This project maps out the conceptual links between Covid19, capitalism and climate change, and how accounting has played an inherently dark role in each. First we briefly explore the interrelated histories of capitalism and climate change, and how these histories are conceptually informed by an ontology of distance and separation (Latour, 1993). We explore how this metaphorical separation is operationalised in accounting processes such as the calculation of profit.
Within this calculation, we point towards the practice of externalisation in particular. Externalisation is understood as a cost generated through the activities of an organisation, but which is imposed on external stakeholders, without recompense (Unerman et al., 2018). We use the concept of externalisation to draw some parallels and linkages between capitalism, climate change and Covid19, noting that Covid19 may indeed be the natural outcome of two hundred years of this particular calculative relationship. With this in mind, we complete the circle with a discussion of degrowth and interconnectivity, suggesting some possible post-pandemic pathways out of the multiple current global crises.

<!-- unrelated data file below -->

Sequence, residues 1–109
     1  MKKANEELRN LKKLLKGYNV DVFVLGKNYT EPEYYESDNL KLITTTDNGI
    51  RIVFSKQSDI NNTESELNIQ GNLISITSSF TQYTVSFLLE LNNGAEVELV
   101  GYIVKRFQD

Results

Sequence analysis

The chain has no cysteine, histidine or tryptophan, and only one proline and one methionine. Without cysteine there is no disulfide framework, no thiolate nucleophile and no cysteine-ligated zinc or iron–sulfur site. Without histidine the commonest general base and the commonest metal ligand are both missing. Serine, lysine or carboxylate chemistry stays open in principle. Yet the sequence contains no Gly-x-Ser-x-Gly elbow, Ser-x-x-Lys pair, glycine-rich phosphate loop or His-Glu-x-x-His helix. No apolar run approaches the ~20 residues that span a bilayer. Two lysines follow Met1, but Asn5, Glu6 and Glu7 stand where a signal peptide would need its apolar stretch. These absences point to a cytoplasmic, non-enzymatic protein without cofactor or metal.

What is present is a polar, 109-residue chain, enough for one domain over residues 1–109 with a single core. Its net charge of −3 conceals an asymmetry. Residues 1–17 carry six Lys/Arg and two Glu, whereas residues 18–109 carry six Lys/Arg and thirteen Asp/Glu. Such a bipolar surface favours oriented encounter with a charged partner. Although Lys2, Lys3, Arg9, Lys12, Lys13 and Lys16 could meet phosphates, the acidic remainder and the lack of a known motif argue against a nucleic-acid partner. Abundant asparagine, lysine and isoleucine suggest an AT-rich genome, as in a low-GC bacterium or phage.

Profit; externalisation; externalised costs; degrowth; interconnectivity; separation
Acknowledgement of country
RMIT University acknowledges the people of the Woi wurrung and Boon wurrung language groups of the eastern Kulin Nation on whose unceded lands we conduct the business of the University. RMIT University respectfully acknowledges their Ancestors and Elders, past and present. RMIT also acknowledges the Traditional Custodians and their Ancestors of the lands and waters across Australia where we conduct our business. - Artwork created by Louisa Bloomer